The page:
iPad continues to gain traction in government circles

Survey finds agencies quick to adopt Apple's tablet

Government agencies are quickly adopting Apple’s tablet computer, the iPad, belying the slow-to-change technology image usually associated with Uncle Sam.

Although the computer was only recently introduced earlier in the year, its adoption rate appears to be giving credo to the hype.

In fact, the government sector could even be described as among the fastest adopters of the technology, according to a recent survey  released Nov. 15 by Good Technology, a provider of enterprise software for the iPad. While the financial sector was the lead adopter of the iPad (36.8 percent of firms surveyed), about 8.3 percent of government or public-sector organizations (the fifth largest group) were also using the technology, not far behind the high-tech sector’s 11.4 percent adoption rate.

Related stories:

Can the Apple iPad get any workplace respect?

Apple’s iPad finding a niche in state, city governments

Another survey, announced Nov. 9 by mobile service management software company BoxTone, found accelerating iPad adoption rates. Seventy-three percent of the 1,200 IT professionals surveyed expect to deploy the iPad and other Apple iOS devices within the next 12 months, with more than a quarter expecting to do so immediately. Additionally, more than half plan to deploy at least one iPad application in the next 12 months, with a quarter anticipating three or more. Respondents were from more than 800 enterprises, government agencies and managed services providers.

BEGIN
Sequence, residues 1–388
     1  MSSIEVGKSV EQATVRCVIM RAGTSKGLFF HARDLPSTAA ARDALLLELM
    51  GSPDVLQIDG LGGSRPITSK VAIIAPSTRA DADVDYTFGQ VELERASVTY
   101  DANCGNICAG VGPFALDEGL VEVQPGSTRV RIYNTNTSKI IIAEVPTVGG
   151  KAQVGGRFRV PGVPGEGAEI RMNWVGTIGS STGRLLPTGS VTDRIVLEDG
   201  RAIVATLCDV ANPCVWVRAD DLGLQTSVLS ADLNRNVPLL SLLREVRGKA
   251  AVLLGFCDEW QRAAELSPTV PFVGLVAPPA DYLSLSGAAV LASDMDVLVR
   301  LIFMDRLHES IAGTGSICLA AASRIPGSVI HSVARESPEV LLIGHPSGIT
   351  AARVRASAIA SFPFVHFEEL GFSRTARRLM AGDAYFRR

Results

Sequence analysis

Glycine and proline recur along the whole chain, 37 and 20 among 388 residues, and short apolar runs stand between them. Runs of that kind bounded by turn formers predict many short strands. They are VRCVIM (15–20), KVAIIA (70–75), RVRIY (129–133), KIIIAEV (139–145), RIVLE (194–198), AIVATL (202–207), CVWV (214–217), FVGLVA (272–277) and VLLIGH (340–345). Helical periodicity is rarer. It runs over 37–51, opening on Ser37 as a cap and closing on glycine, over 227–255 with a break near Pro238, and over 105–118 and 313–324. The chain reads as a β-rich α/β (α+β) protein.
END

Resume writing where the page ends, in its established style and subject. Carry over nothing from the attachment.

Federal, state and local alike are exploring the technology, which proponents say improves productivity and efficiency while reducing costs and paper usage.

Recently, Government Technology’s Matt Williams reported that the Texas Department of Information Resources (DIR) is pilot testing the iPad.

Doug Holt, deputy executive director of DIR and one of the technology testers, cited increased productivity: he can quickly retrieve e-mail, check his calendar and access the Internet, including DIR’s main website and Salesforce.com, which he uses in managing the department’s business. He also takes hand-written notes on the tablet that are transcribed using a software application, Williams reported.

Utah Chief Technology Officer Dave Fletcher is another convert, as is, apparently, the Saskatchewan government, which issued iPads to its Cabinet ministers this month, Williams writes. Earlier in the year, Norwegian Prime Minister Jens Stoltenberg remotely managed the country with the device when ash from Iceland’s erupting volcano shut down European air traffic and stranded him in the United States, reported CNN.

About the Author

Kathleen Hickey is a freelance writer for GCN.

Stay Connected

Sign up for our newsletter.

I agree to this site's Privacy Policy.